A/N: First of all, your response was amazing. Thank you. Secondly, I received a request for a sequel. Although originally I had intended for this to be a oneshot, an idea sparked and here we are. Hopefully this part will live up to its predecessor.

. . . . .

"Arthur, you're looking at me funny. Why are you looking at me funny?"

Arthur picked at his breakfast. "Don't be ridiculous, Merlin." It was a king's prerogative to avoid answering questions if he wanted to.

Particularly questions with answers like this one had.

"Is this about Agravaine?" Merlin asked with unusual hesitance.

Agravaine was bad enough. He'd been killed in an escape attempt not a week back, but no, this wasn't about him.

It was natural, he supposed, so soon after one betrayal to have nightmares of others doing likewise. So the first night's nightmare had made sense.

. . . . .

The last bandit collapsed under a falling tree branch. By this point, Arthur just accepted it.

Except Merlin had been standing right behind him, hand outstretched and eyes glowing gold.

He lowered his hand and laughed nervously. "I thought that branch looked shaky. Good thing I shoved him under it."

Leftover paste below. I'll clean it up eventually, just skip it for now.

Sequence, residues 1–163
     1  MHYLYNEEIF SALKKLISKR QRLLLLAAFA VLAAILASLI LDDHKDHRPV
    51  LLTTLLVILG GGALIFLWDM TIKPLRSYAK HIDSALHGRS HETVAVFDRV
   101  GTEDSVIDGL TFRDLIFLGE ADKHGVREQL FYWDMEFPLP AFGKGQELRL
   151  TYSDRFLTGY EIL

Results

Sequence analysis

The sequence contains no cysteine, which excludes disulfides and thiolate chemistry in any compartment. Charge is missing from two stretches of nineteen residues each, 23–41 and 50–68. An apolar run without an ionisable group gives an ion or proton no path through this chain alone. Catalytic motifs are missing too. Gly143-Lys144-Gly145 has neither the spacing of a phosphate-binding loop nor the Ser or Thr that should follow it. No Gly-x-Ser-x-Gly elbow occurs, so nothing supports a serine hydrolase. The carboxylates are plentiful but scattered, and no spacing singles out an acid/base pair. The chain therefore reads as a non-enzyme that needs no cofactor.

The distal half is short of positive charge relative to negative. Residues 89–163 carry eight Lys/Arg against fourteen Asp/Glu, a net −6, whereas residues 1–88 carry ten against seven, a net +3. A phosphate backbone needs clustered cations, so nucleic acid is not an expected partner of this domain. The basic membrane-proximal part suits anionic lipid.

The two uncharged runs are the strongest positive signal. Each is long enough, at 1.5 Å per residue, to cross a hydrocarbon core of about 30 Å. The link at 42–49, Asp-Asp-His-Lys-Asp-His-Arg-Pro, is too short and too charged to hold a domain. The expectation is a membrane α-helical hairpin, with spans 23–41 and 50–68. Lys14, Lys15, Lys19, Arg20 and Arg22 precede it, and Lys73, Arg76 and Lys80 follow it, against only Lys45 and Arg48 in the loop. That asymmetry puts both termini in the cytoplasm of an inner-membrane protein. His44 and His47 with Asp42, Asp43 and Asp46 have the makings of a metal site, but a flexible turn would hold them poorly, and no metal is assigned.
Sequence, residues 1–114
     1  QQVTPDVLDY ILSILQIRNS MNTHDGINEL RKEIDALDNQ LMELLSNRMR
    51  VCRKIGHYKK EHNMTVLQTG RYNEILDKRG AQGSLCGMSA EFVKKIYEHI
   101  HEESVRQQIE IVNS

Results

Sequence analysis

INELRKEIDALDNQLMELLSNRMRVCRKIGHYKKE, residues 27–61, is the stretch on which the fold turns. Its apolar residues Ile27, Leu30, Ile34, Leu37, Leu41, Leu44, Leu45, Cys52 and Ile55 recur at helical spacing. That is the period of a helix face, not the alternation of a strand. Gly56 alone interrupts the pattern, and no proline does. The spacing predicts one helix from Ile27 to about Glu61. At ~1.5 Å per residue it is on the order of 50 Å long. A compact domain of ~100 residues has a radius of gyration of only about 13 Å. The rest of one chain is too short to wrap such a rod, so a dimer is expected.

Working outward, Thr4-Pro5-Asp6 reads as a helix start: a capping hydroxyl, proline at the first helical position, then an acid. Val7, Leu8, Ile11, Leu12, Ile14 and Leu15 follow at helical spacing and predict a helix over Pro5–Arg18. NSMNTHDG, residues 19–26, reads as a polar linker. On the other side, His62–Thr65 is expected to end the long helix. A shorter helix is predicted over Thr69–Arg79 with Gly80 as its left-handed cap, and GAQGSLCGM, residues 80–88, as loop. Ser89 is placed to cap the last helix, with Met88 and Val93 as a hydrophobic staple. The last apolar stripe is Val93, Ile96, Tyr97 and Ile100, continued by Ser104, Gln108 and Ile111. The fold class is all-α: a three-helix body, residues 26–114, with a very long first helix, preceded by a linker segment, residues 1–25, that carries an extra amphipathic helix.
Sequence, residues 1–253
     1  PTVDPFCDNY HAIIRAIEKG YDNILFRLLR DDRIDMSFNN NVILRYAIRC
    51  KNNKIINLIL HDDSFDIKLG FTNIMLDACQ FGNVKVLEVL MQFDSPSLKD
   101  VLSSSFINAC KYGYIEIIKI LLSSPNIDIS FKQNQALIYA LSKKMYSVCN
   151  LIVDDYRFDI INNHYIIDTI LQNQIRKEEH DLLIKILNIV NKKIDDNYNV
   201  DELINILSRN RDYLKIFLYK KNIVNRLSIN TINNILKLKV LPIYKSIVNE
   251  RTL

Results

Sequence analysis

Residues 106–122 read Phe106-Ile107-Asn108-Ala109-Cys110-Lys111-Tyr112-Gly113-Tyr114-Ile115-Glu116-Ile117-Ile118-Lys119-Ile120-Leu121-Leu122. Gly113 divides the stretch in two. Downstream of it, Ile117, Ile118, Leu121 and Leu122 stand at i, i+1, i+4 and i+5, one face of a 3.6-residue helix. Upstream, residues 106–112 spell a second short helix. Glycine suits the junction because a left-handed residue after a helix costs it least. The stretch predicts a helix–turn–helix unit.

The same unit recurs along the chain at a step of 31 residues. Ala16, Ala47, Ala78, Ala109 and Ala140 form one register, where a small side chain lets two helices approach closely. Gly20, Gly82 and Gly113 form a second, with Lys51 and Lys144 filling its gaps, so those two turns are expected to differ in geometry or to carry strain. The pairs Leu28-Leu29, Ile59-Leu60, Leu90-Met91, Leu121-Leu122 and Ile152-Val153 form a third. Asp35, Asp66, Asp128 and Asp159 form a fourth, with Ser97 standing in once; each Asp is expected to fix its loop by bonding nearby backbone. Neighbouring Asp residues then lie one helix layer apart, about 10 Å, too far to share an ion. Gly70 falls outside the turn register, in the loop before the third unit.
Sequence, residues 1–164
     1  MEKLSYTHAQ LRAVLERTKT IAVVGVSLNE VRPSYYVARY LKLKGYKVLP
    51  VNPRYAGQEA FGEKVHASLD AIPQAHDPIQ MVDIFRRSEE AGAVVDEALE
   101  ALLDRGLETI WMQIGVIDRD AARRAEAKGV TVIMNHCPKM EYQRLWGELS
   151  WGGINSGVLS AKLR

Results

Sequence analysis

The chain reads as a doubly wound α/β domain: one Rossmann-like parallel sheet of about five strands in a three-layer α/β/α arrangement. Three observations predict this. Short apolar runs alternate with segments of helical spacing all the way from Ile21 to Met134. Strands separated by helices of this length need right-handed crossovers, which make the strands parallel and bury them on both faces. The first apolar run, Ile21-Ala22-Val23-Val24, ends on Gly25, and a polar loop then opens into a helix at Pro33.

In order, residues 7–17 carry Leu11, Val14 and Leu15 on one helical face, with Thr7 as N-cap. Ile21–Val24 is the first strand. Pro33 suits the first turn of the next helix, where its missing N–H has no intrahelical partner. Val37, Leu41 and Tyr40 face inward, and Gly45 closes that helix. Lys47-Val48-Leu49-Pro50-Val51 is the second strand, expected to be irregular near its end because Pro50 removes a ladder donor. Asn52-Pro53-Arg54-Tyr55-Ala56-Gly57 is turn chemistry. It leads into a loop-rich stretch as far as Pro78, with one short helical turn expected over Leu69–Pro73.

Arthur nodded like he accepted the excuse, but he knew what he had seen.

Merlin was a sorcerer.

"Let's go," he managed to force out. It must have sounded natural enough to Merlin, because he grinned in relief and turned to go.

Magic corrupted. How long had it had its hooks in his friend? How long since his good heart had been turned? Or was it still pure, still good for a little while longer?

By law, the flames had to claim him either way.

The very thought sickened him. He couldn't.

He couldn't let a sorcerer roam free in Camelot either.

Arthur hadn't sheathed his sword. He left it loose in his hand as he strode after the cheerfully chattering manservant.

In. Out. The blade dripped red down onto the leaves.

Merlin never felt a thing.

The law said you couldn't mark a sorcerer's grave. Arthur decided then and there it was a stupid law. He'd have to change it when he got back to Camelot, right after he'd gotten Gaius to examine him. He must have gotten a concussion somehow. His vision was blurry.

Gaius. Gwaine. Hunith. He'd have to tell them -

I killed your son. I killed your friend. I killed your ward.

Actually, he might as well say, I killed your son, twice. It would hit Gaius as hard.

No, there wasn't a trial. But he killed a bandit with magic, so I snuck up behind him. It was quick. The blade went right in. I think I buried him beneath this tree. Or was it that one? I can't remember.